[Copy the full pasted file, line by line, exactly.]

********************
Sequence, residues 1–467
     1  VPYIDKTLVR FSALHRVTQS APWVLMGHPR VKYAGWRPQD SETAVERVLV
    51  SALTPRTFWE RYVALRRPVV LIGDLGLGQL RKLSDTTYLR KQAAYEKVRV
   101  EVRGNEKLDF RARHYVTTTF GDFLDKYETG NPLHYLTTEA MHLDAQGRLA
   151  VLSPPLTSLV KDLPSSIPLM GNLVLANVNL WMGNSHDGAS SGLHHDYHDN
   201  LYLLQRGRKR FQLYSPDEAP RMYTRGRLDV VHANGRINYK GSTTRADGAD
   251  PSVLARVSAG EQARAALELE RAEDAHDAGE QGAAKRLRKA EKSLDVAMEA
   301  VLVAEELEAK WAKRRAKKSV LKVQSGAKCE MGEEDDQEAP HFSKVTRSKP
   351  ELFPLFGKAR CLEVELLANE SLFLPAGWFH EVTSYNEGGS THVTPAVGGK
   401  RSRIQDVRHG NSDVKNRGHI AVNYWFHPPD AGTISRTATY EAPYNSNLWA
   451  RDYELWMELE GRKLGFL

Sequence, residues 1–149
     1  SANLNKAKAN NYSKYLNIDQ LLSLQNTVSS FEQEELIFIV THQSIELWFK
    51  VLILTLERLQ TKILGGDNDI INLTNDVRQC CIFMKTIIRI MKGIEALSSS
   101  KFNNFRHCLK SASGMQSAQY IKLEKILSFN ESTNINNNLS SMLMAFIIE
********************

Sequence, residues 1–467
     1  VPYIDKTLVR FSALHRVTQS APWVLMGHPR VKYAGWRPQD SETAVERVLV
    51  SALTPRTFWE RYVALRRPVV LIGDLGLGQL RKLSDTTYLR KQAAYEKVRV
   101  EVRGNEKLDF RARHYVTTTF GDFLDKYETG NPLHYLTTEA MHLDAQGRLA
   151  VLSPPLTSLV KDLPSSIPLM GNLVLANVNL WMGNSHDGAS SGLHHDYHDN
   201  LYLLQRGRKR FQLYSPDEAP RMYTRGRLDV VHANGRINYK GSTTRADGAD
   251  PSVLARVSAG EQARAALELE RAEDAHDAGE QGAAKRLRKA EKSLDVAMEA
   301  VLVAEELEAK WAKRRAKKSV LKVQSGAKCE MGEEDDQEAP HFSKVTRSKP
   351  ELFPLFGKAR CLEVELLANE SLFLPAGWFH EVTSYNEGGS THVTPAVGGK
   401  RSRIQDVRHG NSDVKNRGHI AVNYWFHPPD AGTISRTATY EAPYNSNLWA
   451  RDYELWMELE GRKLGFL

Sequence, residues 1–149
     1  SANLNKAKAN NYSKYLNIDQ LLSLQNTVSS FEQEELIFIV THQSIELWFK
    51  VLILTLERLQ TKILGGDNDI INLTNDVRQC CIFMKTIIRI MKGIEALSSS
   101  KFNNFRHCLK SASGMQSAQY IKLEKILSFN ESTNINNNLS SMLMAFIIE